The variation between the language of the home and community and the language of school is at the heart of a great deal of the underachievement of identifiable groups of learners in Britain. These learners may speak English either as a first or second language. park view trustThey draw on the language of home and community to make meanings within school. School subjects draw on different kinds of language. These variations in language do not match.

The conference aims to:

  • Make the workings of the language system explicit in order to appreciate the role language plays, in constructing knowledge across all learning areas.
  • Build understandings about the patterned ways meanings are made within and across genres so that educators are able to develop students’ language resources to understand and produce those genres.
  • Enable participants to understand and use the differences between spoken and written language, both as a teaching and a learning tool.

James MartinThis conference is a groundbreaking two-day vent and features a rare UK keynote from Professor James Martin of the University of Sydney, an architect of “genre based pedagogy” in the early 1980s.

It is aimed at both teachers and educators, across phases, who are concerned with the role language plays in learning.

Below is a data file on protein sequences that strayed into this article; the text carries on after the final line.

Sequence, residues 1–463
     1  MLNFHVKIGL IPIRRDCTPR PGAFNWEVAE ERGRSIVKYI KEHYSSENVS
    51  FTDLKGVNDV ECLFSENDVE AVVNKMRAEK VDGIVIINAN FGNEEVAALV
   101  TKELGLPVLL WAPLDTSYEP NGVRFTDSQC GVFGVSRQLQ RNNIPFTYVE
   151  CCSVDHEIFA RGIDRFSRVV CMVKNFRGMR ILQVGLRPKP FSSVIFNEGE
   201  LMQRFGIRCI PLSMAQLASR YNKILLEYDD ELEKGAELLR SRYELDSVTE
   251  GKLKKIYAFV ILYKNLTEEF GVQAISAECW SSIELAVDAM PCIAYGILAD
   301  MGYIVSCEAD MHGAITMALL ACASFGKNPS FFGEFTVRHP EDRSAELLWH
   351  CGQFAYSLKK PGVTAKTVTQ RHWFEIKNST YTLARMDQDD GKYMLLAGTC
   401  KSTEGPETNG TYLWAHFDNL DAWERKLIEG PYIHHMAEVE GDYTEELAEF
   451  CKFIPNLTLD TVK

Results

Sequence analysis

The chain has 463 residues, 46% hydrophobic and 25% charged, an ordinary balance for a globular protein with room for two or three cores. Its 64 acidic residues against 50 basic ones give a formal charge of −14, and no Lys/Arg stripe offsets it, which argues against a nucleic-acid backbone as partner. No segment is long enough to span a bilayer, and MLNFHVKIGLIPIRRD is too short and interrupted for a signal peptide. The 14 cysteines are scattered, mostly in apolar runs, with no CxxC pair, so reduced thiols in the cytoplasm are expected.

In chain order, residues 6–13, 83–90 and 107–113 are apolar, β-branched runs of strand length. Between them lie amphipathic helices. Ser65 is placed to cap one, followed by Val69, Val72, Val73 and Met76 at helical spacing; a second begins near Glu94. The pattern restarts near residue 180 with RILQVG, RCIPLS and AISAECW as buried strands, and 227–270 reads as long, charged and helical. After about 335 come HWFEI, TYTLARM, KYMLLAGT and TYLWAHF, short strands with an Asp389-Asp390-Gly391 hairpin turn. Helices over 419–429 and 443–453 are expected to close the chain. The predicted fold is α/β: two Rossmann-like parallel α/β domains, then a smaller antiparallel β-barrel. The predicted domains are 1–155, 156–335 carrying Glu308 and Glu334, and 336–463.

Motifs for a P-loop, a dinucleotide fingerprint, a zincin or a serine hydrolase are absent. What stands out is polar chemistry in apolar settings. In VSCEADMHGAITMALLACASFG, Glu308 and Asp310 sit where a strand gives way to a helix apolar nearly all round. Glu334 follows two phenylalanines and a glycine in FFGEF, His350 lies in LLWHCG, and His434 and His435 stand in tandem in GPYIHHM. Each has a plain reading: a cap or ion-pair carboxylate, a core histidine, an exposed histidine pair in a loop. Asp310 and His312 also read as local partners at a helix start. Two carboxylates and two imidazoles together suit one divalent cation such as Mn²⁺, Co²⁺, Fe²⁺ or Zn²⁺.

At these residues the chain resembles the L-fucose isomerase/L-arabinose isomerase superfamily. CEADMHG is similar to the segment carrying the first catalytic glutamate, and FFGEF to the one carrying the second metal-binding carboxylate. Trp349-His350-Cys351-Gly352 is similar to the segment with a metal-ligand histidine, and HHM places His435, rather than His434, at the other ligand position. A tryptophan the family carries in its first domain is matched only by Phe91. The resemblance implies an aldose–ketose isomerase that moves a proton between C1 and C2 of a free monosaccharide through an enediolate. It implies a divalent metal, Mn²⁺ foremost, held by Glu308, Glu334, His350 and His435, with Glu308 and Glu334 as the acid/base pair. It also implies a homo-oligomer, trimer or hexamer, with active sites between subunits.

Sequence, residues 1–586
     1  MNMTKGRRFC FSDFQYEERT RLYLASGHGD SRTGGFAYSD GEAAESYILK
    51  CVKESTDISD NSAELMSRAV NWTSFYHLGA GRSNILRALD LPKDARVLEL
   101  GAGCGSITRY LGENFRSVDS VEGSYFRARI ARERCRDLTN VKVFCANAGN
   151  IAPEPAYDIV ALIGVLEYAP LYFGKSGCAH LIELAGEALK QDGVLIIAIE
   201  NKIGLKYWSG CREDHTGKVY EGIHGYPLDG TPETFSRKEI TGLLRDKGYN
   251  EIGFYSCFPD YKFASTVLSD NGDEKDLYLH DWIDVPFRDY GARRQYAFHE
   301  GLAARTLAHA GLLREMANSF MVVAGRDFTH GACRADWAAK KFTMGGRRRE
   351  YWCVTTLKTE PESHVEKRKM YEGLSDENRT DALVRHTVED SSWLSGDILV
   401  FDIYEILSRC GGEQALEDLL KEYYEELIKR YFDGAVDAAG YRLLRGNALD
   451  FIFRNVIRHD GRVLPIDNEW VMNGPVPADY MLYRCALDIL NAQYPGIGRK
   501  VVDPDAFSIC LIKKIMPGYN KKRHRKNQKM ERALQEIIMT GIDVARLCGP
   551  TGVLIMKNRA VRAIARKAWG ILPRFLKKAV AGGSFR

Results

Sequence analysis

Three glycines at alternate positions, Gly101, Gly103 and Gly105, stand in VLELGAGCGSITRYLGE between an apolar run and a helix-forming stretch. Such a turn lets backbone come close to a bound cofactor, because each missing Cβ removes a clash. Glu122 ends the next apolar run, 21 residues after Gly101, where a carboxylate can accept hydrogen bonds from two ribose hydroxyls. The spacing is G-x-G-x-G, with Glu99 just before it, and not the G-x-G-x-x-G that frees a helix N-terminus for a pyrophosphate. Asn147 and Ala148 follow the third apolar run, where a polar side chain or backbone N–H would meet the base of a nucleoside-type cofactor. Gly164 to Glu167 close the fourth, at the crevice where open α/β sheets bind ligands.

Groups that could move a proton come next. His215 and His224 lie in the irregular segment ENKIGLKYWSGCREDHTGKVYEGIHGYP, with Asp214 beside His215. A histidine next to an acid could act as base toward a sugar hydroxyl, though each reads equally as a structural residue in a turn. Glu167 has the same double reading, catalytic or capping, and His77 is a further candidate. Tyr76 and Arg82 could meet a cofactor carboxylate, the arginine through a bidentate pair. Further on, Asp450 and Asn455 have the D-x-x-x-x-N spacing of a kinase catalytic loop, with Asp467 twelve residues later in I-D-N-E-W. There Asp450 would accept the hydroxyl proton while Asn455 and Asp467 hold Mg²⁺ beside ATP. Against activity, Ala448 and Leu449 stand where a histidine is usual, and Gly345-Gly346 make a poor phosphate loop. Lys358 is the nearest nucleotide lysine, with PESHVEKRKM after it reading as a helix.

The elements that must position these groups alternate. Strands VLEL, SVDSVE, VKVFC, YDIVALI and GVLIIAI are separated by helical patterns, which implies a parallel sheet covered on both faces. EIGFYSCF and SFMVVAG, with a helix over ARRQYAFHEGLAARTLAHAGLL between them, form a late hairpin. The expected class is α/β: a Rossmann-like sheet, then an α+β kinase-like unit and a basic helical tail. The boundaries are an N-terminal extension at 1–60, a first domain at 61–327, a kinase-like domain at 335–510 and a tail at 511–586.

For more information, please go to the conference website.

6th International Seminar, 2012, Satya Wacana Christian University, Indonesia

Christian Rudianto and Anne Burns

For the past few days I’ve been attending a conference in Salatiga, a small town in Central Java, Indonesia. It’s a relaxed and attractive town lying at the foot of two mountains, Mount Merbabu and Mount Telomoyo, surrounded by rice fields and relatively cool because of its elevated position. Each year for the last six years, the Satya Wacana Christian University has organized an international seminar focusing on topical areas of research and practice in English language teaching. This year the theme of the conference is Research in Teacher Education: What, How and Why?  I was invited by Christian Rudianto, one of my former Masters’ students and the Chair of the Organising Committee, to give the opening plenary and a follow-up workshop on action research. The other plenary speaker was Dr Willy Renandya, from the National Institute of Education, Singapore, who spoke about the challenges of choosing and focusing topics for research. One of the main aims of the conference is to enable teachers from all over Indonesia, as well as pre-service teachers doing their Bachelors’ courses at the university, to attend a conference locally and to get the opportunity to hear and meet international speakers, without incurring the high costs associated with most national and international conferences.  The conference always attracts international teachers as well, for example, this year from Malaysia, and from Iran at previous conferences.